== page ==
One of the stories from those days is the precursor to Hope and Fortune called The Lost Foal. For my daughter’s 7th birthday, I wanted to put on a show for her and her friends at her party. She wanted a story about cowgirls, fairies, and her little stuffed horse. I came up with a story entitled, The Lost Foal. In The Lost Foal, the stuffed horse was the one that got lost in the forest and encountered “cowgirl fairies” played by my daughter and her guests, each of whom wore fairy wings and pink cowboy hats and gave the horse life advice to get it back on the right track. 

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Fast forward 16 years later to the pandemic and lockdown in 2020. I felt bad for my daughter, her peers and those younger, all of whom faced unprecedented uncertainties in life. I then took The Lost Foal, modernized it with a diverse cast of characters, and created a message that I hope will resonate not only with the very young but also with those less so who may feel rudderless and lost (in however way you want to define and contextualize those terms) at some point in their lives. 

Writing children’s books is a great way for me to enjoy speaking to and connecting with young children. In December, I did a reading of Hope and Fortune at a local library in New York City. After I read the book, a 7-year-old boy took a copy of the book to read to himself. He then followed me around until he had my full attention to tell me how much he loved the book and that now he wants to write a book someday too. Even though the book is about a little girl with a Spanish name and fairies, the story still resonated with a little Asian boy – which is more than I could’ve hoped for. How wonderful to be able to touch the hearts and minds of young children with just a few words and illustrations. 

Here are a couple of pictures from my December 17, 2022, reading:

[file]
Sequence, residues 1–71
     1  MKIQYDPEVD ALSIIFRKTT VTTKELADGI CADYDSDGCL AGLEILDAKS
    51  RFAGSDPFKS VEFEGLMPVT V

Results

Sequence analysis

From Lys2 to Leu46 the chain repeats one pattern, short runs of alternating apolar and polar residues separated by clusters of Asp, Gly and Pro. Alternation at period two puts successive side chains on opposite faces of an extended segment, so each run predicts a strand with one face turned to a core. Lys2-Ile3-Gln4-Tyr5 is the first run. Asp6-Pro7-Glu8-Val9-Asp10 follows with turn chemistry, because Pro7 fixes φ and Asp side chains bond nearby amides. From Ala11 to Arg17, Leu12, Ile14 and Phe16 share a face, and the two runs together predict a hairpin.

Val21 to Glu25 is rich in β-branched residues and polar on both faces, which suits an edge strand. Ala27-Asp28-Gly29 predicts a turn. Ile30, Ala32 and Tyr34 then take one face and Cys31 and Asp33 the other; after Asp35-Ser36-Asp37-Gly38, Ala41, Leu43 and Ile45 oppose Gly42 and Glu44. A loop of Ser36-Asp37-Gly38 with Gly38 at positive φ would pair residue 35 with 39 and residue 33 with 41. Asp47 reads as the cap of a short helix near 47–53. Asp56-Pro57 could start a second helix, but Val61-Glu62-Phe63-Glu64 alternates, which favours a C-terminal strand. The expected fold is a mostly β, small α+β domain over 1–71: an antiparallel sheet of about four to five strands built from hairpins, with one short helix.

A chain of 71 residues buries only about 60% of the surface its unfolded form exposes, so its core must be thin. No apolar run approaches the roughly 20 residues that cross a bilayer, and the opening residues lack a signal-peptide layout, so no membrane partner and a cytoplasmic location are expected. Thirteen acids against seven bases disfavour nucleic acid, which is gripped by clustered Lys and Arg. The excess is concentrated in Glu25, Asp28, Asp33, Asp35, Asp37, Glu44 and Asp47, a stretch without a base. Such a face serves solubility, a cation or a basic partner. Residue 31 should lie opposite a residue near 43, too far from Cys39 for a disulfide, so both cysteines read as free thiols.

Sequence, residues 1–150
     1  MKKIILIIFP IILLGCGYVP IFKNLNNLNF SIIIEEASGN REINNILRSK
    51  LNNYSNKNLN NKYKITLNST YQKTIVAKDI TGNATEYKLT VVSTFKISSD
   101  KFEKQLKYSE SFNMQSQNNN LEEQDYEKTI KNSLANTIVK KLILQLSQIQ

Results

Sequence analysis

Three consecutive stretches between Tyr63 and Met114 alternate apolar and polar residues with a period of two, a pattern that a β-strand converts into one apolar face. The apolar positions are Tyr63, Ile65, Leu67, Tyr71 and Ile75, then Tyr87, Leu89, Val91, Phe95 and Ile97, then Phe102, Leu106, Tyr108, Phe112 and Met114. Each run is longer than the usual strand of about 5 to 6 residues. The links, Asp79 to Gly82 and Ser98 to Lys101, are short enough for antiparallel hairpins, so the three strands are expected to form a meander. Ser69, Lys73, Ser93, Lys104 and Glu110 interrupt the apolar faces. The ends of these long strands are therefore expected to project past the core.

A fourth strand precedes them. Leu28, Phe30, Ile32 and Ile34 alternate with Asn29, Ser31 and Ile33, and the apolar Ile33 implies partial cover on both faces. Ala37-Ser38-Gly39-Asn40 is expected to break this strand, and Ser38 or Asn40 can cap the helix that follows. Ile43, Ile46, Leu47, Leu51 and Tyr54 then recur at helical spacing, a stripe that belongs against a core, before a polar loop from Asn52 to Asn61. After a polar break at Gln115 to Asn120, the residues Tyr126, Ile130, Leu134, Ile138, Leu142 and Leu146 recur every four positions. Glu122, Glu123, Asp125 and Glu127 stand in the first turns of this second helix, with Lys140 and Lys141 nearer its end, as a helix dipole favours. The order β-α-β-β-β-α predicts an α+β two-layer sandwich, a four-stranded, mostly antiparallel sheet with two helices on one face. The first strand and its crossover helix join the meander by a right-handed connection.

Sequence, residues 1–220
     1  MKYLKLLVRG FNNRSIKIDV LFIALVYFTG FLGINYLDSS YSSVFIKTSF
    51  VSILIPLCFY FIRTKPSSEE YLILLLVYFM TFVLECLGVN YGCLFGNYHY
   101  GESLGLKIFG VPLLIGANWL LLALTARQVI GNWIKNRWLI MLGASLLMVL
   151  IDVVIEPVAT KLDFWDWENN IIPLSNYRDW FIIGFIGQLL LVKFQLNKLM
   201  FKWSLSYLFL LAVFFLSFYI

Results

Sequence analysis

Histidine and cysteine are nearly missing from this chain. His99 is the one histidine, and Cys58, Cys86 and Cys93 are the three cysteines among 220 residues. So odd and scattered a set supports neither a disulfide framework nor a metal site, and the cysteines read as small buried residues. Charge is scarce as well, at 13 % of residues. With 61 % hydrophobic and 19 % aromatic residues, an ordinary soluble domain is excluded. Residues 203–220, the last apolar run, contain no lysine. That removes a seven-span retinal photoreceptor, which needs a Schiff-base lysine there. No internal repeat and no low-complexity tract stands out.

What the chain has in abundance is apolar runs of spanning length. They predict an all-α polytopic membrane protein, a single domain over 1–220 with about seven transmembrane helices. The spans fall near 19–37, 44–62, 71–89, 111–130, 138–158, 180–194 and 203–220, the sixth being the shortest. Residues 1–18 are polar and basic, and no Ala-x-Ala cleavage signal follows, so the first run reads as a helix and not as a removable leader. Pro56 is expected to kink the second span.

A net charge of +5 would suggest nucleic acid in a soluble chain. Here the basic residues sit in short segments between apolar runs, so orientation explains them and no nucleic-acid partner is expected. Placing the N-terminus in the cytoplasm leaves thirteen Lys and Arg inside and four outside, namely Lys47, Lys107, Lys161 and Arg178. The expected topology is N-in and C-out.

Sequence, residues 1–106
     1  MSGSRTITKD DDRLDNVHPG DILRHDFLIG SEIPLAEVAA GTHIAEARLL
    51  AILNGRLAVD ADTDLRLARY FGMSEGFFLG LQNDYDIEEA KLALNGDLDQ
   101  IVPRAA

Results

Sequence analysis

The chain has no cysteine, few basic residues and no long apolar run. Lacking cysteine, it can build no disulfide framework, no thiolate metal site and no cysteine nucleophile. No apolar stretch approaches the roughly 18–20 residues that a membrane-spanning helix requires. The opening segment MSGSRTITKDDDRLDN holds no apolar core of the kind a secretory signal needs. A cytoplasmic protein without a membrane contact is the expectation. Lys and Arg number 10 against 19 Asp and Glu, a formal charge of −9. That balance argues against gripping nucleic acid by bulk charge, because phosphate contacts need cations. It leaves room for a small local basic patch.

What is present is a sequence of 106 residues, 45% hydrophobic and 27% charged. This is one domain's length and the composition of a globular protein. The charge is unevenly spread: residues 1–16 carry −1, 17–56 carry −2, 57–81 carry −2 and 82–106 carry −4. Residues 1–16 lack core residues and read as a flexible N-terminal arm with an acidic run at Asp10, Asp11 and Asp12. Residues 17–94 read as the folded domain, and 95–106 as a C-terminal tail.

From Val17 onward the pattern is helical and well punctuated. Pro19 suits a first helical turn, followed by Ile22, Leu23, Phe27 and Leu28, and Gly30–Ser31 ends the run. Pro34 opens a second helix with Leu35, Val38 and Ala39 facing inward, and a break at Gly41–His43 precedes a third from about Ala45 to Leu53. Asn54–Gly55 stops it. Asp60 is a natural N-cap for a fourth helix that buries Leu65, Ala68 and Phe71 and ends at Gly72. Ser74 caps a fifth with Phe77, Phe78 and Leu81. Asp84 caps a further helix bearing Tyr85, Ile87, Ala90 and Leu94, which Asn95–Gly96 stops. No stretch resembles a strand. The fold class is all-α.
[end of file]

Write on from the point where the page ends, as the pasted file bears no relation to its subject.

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WOW: That is such a touching experience that led you to writing this book! I can see you already have a wonderful impact on children. Your book features multi-cultural and multi-generational fairies. Why was this type of representation so important to the book? 

Marissa: The Fortune Fairies are multicultural, multiracial, multigender and multigenerational because I wanted to demonstrate through vivid and relatable images that this world is comprised of many different types, colors, sizes, and shapes of people – all of whom have something valid to say and contribute to the betterment of humanity. The need for this type of representation was recently made obvious to me when I advertised my reading of Hope and Fortune at a local library on a public page on Facebook: 


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She deliberately chose to ignore my conciliatory tone and further challenged: “that doesn’t look like a white fairy.” What is a white fairy supposed to look like?!? I will confess that I have not ever seen a fairy of any type and that all the fairies in my book simply sprung out of my imagination. 

Hers is a type of closed-mindedness, unjustifiable vitriol and, yes, prejudice that warrants greater racial, cultural, gender, and generational representation in children’s books. 

WOW: Absolutely! How has being a lawyer prepared you for your writing career?